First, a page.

En EspaŅol

Q. Who is Mr. Smarty Plants?

A: There are those who suspect Wildflower Center volunteers are the culpable and capable culprits. Yet, others think staff members play some, albeit small, role. You can torture us with your plant questions, but we will never reveal the Green Guru's secret identity.

Help us grow by giving to the Plant Database Fund or by becoming a member

Did you know you can access the Native Plant Information Network with your web-enabled smartphone?

Share

Ask Mr. Smarty Plants

Ask Mr. Smarty Plants is a free service provided by the staff and volunteers at the Lady Bird Johnson Wildflower Center.

Search Smarty Plants
    
 
See a list of all Smarty Plants questions
Can't find the answer in our existing FAQs, submit a question to Mr. Smarty Plants.
Need help with plant identification, visit the plant identification page.
 
rate this answer
1 rating

Thursday - June 15, 2006

From: Rainbow, TX
Region: Southwest
Topic: Propagation, Transplants
Title: Transplanting Mustang Grapes
Answered by: Dean Garrett

QUESTION:

What is the best way to grow mustang grapes? We have vines established over the property but up too high to continue to harvest and a couple of young vines on the ground that haven't reached the closest tree yet. What way and when to move to another area and any special needs. We have red sandy soil and are by the Brazos river in north/central Texas.

ANSWER:

The best time to transplant mustang grape (Vitis mustangensis) and most other woody plants is during the dormant season from late November to late January. Select small, young plants as much as possible, since they will adjust better to being transplanted. Select new transplant sites that feature similar conditions to the ones in which the plants are presently growing, paying particular attention to light and moisture level.

Prepare the plants' roots by root pruning now. The purpose of root pruning is to circumscribe your root ball and prompt the formation of callus tissue, from which new roots will emerge. To do this, use a sharp shooter shovel or sharp spade to dig down around the plants in a circle as broad and deep as your root ball will be. The callus tissue will form between now and November.

When transplanting time arrives, dig the new hole first so the selected plants won't be exposed too long. Get as large a root ball as possible, and use a planting container or canvas/burlap cloth to transport it in.

Once the plant is set in the new hole and packed in, trim off 1/3 of the top growth to reduce transpiration in the spring. Water regularly for at least the first year to help the plant get established in its new site.

More detailed information can be found in the “Transplanting” and “Vitis” chapters of Jill Nokes' book, How to Grow Native Plants of Texas and the Southwest.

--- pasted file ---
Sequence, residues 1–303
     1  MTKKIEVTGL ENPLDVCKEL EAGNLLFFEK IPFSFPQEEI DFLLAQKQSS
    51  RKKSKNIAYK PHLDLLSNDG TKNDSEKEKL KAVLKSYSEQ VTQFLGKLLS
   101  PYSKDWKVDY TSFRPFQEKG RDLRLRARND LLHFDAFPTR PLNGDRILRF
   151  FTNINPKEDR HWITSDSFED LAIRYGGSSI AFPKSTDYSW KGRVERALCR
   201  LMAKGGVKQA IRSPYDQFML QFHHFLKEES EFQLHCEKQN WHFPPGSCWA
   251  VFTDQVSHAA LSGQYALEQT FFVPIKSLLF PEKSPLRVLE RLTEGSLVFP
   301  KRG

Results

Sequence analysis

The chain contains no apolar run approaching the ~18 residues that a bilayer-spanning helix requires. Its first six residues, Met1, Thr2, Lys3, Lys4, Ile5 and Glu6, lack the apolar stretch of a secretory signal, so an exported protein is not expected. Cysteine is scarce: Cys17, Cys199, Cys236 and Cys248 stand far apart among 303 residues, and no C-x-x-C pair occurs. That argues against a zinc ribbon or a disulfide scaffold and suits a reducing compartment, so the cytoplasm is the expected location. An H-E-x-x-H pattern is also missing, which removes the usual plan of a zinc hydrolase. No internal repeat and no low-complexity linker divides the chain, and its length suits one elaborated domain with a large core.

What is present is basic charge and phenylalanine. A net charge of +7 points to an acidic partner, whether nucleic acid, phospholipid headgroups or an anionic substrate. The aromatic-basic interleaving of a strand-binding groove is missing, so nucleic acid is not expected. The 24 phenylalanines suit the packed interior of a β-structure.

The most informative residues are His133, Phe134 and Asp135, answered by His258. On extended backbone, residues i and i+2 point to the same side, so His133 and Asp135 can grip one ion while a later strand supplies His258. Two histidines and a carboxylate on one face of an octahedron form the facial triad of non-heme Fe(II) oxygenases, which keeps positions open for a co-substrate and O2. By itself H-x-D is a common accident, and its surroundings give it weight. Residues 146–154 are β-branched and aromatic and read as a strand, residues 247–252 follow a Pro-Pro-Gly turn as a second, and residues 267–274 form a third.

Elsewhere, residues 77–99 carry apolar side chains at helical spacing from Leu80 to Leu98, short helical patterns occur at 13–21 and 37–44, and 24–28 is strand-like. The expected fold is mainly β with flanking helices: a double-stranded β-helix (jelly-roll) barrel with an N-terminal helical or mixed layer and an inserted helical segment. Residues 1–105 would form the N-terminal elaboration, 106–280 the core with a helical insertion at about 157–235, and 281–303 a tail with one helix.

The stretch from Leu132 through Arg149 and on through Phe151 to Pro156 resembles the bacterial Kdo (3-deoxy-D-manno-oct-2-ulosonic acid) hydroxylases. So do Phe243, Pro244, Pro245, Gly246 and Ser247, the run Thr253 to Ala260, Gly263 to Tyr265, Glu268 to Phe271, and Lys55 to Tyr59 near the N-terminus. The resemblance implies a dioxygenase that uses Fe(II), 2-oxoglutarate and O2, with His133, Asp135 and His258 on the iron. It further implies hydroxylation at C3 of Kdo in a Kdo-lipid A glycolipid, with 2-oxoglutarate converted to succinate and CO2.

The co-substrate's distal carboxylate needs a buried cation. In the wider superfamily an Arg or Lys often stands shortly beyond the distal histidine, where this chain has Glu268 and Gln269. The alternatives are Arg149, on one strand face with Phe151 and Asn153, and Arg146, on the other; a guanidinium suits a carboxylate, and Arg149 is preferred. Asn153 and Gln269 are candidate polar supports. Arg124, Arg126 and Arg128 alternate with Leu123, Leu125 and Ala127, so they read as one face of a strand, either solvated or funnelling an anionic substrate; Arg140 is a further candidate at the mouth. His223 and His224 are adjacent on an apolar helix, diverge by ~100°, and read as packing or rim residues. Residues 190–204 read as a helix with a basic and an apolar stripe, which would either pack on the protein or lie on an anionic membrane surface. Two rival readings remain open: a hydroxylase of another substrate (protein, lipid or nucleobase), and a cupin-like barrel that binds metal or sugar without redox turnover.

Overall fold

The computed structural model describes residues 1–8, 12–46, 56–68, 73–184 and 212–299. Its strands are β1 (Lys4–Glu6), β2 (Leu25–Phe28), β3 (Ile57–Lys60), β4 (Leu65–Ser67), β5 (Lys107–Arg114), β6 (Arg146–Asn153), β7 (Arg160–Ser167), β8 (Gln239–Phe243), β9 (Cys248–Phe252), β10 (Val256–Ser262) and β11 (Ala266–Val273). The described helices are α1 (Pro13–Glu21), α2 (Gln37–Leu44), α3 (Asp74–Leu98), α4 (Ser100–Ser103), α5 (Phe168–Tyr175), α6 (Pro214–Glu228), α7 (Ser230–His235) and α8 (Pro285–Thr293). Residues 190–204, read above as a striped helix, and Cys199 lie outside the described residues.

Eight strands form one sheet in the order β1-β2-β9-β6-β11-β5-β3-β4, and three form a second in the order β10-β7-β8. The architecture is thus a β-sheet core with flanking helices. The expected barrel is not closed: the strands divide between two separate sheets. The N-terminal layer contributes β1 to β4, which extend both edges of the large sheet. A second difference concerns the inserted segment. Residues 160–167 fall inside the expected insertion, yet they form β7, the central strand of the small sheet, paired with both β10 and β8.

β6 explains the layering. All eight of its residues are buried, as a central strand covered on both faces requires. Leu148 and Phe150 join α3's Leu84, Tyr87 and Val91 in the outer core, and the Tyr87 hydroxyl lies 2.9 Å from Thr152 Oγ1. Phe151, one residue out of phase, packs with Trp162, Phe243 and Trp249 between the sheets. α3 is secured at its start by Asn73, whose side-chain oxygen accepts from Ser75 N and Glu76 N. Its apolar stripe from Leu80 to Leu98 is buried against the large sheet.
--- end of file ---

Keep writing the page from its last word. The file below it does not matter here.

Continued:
More Transplants Questions

Non-native Japanese maple seedling in Rotterdam NY
August 09, 2010 - In the first couple days of August, I discovered a baby Japanese Maple growing against the wall of my storage shed, a short distance from a neighbor's full grown Japanese Maple. I transplanted this 5...
view the full question and answer

Source for supplier of cedar plants in Pennsylvania
January 20, 2009 - Mr. Smarty Pants - please disregard a stupid question I asked a little earlier today about sourcing cedar plants near Easton, PA. I figured out looking up "Nurseries" could lead to Yellow Pages ent...
view the full question and answer

Texas Pistachio trees dropping leaves in Austin
June 09, 2010 - I have several Texas Pistachio that are about 13 years old. Despite good rainfall in Travis county this year, they seem to be losing most of their new leaf growth now in early June. Leaves are simpl...
view the full question and answer

Propagating yaupons (Ilex vomitoria)
November 30, 2007 - Dear Mr. Smarty, I enjoy your weekly tips printed in the Austin Statesman. We live in the Texas hill country where the soil is essentially rock. One of the nice benefits of our yard and the are...
view the full question and answer

Problems with Texas wild olive tree in Tucson
November 15, 2010 - Planted a Texas Olive tree in Tucson, Az. Some of the leaves are kind of yellow. It gets part sun and part shade and is growing. Is this due to too much water, not enough water or does it need somet...
view the full question and answer

Smarty Plants's Facebook profile Support the Wildflower Center by Donating Online or Becoming a Member today.

Mr. Smarty Plants wants you to be his Facebook friend. Click the Facebook icon to add yourself to Mr. Smarty Plants list of friends.
E-NEWSLETTER | BECOME A MEMBER | DONATE NOW | MEDIA | SITEMAP | STAFF
© 2015 Lady Bird Johnson Wildflower Center